Information about the author.
In Buddhist myth, the dead may be reborn as “hungry ghosts”—spirits with stomach so large they can never be full—if they have desired too much during their lives. It is the duty of the living relatives to free those doomed to this fate by doing kind deeds and creating good karma. In Shyam Selvadurai’s sweeping new novel, his first in more than a decade, he creates an unforgettable ghost, a powerful Sri Lankan matriarch whose wily ways, insatiable longing for land, houses, money and control, and tragic blindness to the human needs of those around her parallels the volatile political situation of her war-torn country.
The novel centres around Shivan Rassiah, the beloved grandson, who is of mixed Tamil and Sinhalese lineage, and who also—to his grandmother’s dismay—grows from beautiful boy to striking gay man. As the novel opens in the present day, Shivan, now living in Canada, is preparing to travel back to Colombo, Sri Lanka, to rescue his elderly and ailing grandmother, to remove her…[more]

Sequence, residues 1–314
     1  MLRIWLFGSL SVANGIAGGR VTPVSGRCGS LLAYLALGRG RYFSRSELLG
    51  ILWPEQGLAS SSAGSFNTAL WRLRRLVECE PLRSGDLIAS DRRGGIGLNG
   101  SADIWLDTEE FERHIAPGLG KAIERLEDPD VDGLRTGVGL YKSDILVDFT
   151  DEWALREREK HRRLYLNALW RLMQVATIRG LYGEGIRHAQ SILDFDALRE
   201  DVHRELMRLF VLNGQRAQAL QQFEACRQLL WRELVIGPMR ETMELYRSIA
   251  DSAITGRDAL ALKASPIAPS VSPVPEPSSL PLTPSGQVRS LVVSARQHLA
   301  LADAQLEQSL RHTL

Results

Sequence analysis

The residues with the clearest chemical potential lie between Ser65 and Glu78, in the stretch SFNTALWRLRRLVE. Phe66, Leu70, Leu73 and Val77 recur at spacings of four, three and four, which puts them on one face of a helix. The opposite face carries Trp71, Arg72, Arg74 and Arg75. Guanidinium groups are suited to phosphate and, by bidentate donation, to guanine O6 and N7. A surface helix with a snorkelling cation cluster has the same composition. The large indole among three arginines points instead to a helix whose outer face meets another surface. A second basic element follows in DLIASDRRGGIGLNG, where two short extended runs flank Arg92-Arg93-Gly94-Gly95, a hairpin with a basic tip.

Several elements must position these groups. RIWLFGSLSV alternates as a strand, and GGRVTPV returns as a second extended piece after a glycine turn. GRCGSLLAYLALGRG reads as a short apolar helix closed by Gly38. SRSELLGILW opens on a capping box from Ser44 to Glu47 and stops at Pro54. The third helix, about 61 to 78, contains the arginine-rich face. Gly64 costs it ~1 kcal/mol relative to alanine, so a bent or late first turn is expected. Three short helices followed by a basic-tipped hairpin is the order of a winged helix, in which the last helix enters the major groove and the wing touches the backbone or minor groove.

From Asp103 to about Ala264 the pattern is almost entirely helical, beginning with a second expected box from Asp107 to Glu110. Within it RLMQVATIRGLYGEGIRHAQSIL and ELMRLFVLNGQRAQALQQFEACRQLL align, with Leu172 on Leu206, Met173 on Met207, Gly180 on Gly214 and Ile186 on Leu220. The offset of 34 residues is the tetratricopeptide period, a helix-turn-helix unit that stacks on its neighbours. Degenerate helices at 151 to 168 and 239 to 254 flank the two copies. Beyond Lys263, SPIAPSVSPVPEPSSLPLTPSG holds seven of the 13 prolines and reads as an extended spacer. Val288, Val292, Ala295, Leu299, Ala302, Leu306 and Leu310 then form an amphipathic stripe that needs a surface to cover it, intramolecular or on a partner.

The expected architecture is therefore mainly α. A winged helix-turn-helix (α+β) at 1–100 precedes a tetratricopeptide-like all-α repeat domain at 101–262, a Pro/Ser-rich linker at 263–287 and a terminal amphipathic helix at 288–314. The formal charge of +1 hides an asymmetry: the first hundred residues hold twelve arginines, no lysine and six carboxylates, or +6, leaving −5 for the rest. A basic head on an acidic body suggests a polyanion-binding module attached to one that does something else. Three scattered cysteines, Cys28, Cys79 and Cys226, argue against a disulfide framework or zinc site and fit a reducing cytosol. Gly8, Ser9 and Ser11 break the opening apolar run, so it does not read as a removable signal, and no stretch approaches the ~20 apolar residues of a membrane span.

Funny Boy is the debut of an extraordinary new voice in literary fiction. Set in Sri Lanka, it is a haunting novel about a boy growing up within an extended upper-middle-class family. Shyam Selvadurai subtly juxtaposes a boy’s passage to adolescence and maturity with the upheavals of growing ethnic tension and civil unrest.
Arjie, the protagonist, is “funny”: He likes to wear a sari and play with girls—and he hates sports. His bittersweet journey from the luminous simplicity of childhood days into the more intricately shaded world of adults—with its secrets, its ultimate capacity for violence and injustice—is beautifully rendered. And it is through Arjie’s eyes that we meet a delightful, sometimes eccentric, cast of characters. Among them: Arjie’s imposing grandmother, whose ideas of propriety are tested when one of her daughters returns from America; a young cousin, “Her Fatness,” who disturbs the natural order of things in a childhood…[more]